There are some obvious counter-examples: Thomas the Tank Engine wooden trains can be found everywhere, and other toy trains (non-electric mostly) exist. But try finding an HO train set outside of Christmas, or any separate track or cars, and you won't have much luck.

Model trains here are a niche item you only find in specialized hobby stores (or online).  It's a healthy niche, but a niche nonetheless. That's not a volume business.  And without volume, there's no incentive for the kind of development it takes to make something like the Viessmann.  Our best hope is that one or more of these European companies will decide to pick up some extra income by selling Americanized (i.e., UL-listed) versions of their systems over here. And the cost of doing that, even if there aren't other problems with patents or technology licensing, may be prohibitive.

One thing that gives me hope is the one of my LHSs that does do trains tells me that Kato Unitrack is selling really well recently, because there's a growing group of new, younger, modelers who want something that "just works".  If the recent growth in use of commuter trains (i.e., more trains travelling through densely populated suburban towns where they can be seen) and the interest in high-speed rail helps enlarge that group, maybe model railroading in the U.S. will rebound to the point where someone can make money selling something like the Viessmann here.
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#10 alpineaustralia

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Posted 14 June 2010 - 10:30 PM

Both the Veissman and the ESU system are not cheap (In Australia the Veissmann is $1500 = double the average weekly pay).
I wold try to get it overseas a bit cheaper. The Dynams cost me in the order of about $250.
But you can see why I want to do my due diligence on the product first before spending anything like that amount of money.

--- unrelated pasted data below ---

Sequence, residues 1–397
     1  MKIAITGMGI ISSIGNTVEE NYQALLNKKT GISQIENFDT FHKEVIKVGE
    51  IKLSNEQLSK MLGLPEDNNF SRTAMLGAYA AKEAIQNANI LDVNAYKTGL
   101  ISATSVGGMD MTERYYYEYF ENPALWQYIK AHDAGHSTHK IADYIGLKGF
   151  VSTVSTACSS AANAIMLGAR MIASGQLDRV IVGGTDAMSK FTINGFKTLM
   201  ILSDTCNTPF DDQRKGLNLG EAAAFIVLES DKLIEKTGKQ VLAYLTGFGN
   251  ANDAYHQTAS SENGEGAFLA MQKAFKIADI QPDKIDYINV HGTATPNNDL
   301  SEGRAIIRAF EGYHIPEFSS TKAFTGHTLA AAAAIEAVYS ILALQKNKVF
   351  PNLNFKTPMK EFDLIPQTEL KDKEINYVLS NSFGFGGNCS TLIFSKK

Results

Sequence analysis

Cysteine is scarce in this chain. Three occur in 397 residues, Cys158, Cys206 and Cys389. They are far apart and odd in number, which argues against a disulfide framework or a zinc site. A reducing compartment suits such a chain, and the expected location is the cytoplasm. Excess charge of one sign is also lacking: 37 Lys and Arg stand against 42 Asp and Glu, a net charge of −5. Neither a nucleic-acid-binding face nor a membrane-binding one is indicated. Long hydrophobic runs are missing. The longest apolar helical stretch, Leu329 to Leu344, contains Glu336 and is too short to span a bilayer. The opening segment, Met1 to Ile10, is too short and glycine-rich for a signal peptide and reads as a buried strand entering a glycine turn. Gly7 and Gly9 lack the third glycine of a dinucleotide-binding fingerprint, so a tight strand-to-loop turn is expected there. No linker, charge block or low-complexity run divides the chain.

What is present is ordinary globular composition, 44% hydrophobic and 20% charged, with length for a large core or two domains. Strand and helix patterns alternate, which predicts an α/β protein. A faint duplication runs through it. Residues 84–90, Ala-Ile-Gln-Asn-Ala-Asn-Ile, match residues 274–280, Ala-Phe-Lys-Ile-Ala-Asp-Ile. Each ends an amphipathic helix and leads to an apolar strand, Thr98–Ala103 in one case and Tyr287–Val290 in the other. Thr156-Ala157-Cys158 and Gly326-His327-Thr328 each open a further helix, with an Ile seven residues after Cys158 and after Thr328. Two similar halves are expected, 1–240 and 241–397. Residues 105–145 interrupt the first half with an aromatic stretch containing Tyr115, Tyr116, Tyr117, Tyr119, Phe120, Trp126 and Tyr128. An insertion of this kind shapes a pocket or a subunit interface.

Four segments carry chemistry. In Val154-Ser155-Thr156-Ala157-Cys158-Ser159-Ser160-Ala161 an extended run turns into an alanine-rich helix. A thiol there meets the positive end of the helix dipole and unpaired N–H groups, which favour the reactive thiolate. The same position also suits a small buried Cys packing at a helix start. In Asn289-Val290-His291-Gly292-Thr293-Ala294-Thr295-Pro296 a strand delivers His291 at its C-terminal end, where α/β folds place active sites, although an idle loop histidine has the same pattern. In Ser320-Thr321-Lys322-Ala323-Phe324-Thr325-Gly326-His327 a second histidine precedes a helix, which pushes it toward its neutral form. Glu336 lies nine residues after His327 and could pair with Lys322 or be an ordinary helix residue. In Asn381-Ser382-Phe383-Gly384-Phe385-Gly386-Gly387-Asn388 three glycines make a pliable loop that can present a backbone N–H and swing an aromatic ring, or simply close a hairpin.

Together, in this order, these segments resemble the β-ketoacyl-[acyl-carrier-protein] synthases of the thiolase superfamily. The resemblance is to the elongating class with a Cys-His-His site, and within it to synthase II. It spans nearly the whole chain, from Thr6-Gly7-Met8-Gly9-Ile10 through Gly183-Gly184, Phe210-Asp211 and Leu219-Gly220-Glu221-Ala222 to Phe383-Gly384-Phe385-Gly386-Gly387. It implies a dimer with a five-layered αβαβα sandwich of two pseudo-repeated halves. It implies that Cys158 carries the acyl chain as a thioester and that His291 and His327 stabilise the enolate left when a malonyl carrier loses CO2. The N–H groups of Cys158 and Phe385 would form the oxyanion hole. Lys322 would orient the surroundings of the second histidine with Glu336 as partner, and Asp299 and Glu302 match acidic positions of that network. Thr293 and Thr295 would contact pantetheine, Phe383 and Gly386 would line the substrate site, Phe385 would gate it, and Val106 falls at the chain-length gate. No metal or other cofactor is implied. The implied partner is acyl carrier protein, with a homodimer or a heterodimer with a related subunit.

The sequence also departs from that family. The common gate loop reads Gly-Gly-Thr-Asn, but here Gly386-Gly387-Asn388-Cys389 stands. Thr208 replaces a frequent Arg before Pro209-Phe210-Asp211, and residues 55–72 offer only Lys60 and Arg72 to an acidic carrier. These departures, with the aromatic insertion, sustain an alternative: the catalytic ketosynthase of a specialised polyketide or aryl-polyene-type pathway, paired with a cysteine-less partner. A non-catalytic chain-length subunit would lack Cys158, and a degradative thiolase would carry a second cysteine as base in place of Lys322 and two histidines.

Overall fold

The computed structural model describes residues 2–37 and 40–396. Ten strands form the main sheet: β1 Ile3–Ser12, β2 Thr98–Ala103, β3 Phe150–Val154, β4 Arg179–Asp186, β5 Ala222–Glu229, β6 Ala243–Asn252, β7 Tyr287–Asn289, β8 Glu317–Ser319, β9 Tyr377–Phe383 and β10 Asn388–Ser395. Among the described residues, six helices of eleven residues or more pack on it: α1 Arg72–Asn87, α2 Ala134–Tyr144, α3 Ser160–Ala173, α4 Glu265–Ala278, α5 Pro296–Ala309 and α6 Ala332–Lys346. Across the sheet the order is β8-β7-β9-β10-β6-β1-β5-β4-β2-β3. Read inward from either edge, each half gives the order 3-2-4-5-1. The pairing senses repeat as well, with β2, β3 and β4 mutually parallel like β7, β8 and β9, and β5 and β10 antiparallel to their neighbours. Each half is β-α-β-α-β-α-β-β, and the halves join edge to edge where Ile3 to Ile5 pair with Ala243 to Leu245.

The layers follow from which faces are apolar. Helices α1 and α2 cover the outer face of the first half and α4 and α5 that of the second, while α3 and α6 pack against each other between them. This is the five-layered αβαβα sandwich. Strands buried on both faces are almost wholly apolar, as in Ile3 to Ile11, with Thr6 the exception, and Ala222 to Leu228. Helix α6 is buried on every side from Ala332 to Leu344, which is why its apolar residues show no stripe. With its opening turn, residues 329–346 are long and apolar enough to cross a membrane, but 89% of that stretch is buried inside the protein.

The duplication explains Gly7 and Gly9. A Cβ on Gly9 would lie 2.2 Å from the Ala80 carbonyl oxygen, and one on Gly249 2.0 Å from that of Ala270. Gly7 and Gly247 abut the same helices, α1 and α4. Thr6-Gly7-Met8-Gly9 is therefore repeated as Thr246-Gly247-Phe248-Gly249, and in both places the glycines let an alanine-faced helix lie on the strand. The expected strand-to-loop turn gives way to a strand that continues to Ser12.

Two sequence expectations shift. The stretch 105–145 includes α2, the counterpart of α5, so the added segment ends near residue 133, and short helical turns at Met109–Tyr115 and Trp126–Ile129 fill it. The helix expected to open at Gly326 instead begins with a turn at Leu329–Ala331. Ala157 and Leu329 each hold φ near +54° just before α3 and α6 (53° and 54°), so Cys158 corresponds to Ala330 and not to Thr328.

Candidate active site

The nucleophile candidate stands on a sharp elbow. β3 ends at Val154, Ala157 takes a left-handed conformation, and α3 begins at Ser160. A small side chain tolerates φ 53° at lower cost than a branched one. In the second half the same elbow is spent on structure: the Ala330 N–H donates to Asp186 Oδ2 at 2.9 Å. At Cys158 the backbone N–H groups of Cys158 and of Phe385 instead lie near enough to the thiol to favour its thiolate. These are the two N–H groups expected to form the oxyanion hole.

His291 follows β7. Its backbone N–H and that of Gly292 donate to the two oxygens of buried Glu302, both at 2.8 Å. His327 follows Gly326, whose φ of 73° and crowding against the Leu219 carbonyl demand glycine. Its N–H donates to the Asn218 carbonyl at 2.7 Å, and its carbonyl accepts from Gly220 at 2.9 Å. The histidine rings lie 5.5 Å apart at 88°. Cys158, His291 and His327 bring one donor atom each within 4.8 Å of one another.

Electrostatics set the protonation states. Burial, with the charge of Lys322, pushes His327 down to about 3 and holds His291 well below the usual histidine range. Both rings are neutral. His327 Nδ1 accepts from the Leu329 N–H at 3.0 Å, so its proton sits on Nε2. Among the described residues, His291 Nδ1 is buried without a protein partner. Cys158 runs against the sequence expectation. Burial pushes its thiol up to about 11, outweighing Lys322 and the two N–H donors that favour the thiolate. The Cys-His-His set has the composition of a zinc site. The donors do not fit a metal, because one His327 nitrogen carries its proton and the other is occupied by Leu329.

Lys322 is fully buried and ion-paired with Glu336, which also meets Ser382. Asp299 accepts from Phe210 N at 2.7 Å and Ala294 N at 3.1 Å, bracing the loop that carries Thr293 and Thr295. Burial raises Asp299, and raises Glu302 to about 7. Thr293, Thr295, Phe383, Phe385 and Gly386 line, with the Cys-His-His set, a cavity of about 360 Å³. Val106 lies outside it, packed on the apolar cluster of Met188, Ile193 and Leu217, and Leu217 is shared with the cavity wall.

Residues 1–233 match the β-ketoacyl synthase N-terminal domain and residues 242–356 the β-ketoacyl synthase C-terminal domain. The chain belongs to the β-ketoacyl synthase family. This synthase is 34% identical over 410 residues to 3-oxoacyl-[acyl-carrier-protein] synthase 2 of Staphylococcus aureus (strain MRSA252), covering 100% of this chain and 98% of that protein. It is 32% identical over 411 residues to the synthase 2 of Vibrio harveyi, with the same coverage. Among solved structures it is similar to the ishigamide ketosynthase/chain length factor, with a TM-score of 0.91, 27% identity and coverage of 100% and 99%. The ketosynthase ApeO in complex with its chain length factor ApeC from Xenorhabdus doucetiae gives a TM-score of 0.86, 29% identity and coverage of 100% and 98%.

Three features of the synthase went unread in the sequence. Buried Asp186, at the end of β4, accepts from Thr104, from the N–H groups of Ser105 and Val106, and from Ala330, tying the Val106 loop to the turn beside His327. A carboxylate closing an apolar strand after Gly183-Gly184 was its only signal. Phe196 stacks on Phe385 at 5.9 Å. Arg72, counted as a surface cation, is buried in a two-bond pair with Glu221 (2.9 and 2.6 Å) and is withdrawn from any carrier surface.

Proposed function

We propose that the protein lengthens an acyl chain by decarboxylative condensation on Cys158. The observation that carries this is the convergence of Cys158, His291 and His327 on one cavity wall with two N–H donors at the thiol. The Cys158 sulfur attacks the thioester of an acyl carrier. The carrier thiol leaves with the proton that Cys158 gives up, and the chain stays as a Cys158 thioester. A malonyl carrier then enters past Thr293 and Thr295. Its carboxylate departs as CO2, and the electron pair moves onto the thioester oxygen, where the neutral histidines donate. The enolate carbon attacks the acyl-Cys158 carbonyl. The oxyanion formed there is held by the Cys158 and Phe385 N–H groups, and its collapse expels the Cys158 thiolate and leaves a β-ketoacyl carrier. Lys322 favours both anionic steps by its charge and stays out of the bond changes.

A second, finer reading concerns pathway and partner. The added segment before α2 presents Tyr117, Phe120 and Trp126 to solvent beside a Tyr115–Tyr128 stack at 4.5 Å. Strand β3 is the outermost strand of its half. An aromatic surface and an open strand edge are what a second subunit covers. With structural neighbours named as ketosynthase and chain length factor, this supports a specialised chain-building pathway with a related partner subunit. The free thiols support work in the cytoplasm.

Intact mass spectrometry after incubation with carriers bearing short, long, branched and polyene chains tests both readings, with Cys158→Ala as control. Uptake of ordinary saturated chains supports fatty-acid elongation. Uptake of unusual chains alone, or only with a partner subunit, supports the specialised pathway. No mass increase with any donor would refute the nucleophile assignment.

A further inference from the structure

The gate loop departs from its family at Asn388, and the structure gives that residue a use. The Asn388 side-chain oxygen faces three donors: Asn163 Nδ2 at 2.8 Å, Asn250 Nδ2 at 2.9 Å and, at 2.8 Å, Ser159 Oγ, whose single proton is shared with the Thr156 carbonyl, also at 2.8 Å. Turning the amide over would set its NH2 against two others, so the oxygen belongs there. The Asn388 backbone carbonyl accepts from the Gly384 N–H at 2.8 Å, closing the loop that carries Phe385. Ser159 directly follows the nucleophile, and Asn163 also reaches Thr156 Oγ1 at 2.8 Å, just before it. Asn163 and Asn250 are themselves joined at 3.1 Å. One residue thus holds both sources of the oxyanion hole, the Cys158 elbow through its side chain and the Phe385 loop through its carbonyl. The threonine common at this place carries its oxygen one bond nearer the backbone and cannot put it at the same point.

Alpineaustralia

#11 inobu

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Posted 14 June 2010 - 11:53 PM

Both the Veissman and the ESU system are not cheap (In Australia the Veissmann is $1500 = double the average weekly pay).
I wold try to get it overseas a bit cheaper. The Dynams cost me in the order of about $250.
But you can see why I want to do my due diligence on the product first before spending anything like that amount of money.


Did you see that link for the Viessman that demo was 499 USD


Inobu

#12 alpineaustralia

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Posted 15 June 2010 - 06:53 AM

Yes I did but I am not sure at this stage whether to go for the Veissmann or the ESU.
I am willing to forgo the opportunity to make sure I get the right one.
Alpineaustralia

#13 CaptOblivious

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Posted 15 June 2010 - 08:21 AM

One consideration is that the Dynamis ProBox (being designed by ESU) supports the ECoSLink bus, and so can be used together with the ESU unit. The Veissman doesn't work with the Dyanmis system.

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#14 Martijn Meerts

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Posted 21 June 2010 - 09:11 AM